Nitrogen accumulation by pea as affected by topography
van Kessel, C.
Peer Reviewed StatusNon-Peer Reviewed
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Field peas grown under normal field conditions are exposed to variable soil and environmental conditions that will affect both crop yield and nitrogen (N) uptake. Topography and slope position may play an important role in governing soil and environmental factors that influence N accumulation. In 1991, a field experiment was initiated to examine the effects of landscape position on the yield and N accumulation by field pea (var. Marofat). A two-hectare site was located in the Black Soil Zone on land with gently sloping to roughly undulating slopes (2-5 %). Six landform elements were identified at the site location. The site was managed at a farm scale using typical cultural practices. Spring levels of inorganic nitrogen (NO3 + NH4) ranged from 19.0 to 57.4 kg/ha (0-60 cm depth). Differences in levels of inorganic nitrogen between landform elements were observed (p = 0.03). Volumetric moisture content of the soil (0-120 cm) was consistently highest in footslopes throughout the growing season. Water stress was not a limiting factor to plant growth in any landform until 50-55 days after planting. Total yield (seed + straw) of the pea crop ranged from 2310 to 8100 kg/ha while seed yield varied from 960 to 3940 kg/ha. Significant differences between landforms were detected for total yield (p = 0.02) but not seed yield. Seed nitrogen content ranged from 31-133 kg/ha but no differences were observed between landforms.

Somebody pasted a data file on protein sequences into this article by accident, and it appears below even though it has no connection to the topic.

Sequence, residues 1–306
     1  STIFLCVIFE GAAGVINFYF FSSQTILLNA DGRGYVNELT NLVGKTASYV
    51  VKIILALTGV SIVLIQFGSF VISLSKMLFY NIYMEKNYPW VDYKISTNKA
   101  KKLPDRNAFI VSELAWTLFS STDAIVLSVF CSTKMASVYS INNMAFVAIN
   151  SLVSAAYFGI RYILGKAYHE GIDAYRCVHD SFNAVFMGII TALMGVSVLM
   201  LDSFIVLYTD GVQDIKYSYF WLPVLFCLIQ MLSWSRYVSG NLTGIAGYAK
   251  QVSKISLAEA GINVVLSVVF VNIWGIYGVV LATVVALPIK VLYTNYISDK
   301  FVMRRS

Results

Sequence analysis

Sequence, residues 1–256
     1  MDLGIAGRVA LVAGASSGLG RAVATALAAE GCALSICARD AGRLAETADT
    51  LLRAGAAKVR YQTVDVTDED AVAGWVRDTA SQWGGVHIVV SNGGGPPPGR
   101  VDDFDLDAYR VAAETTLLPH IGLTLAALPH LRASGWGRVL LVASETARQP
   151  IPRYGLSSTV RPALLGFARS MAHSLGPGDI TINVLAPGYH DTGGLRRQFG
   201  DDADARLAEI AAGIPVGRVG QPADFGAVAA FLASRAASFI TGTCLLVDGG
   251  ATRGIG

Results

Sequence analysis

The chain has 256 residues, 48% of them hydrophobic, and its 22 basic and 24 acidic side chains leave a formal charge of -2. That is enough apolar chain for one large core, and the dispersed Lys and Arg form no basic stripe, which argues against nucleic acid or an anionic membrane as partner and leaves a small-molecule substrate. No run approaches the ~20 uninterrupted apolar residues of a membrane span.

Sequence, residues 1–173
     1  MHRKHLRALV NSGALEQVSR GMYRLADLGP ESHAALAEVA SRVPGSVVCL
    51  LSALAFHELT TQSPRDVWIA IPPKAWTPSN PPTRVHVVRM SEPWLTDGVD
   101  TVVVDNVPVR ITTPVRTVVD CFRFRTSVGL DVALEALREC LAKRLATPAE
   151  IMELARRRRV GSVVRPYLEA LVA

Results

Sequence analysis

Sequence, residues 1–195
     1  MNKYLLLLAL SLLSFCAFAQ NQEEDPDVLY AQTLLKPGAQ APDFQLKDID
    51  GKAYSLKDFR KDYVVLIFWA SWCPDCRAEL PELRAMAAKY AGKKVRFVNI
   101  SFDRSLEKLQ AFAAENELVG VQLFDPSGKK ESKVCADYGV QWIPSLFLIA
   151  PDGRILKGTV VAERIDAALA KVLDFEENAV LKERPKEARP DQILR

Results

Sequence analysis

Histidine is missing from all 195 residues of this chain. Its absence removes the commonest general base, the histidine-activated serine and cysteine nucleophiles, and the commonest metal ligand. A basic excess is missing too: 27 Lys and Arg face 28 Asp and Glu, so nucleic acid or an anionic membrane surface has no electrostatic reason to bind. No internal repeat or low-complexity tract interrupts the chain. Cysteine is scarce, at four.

Part OfSoils and Crops Workshop
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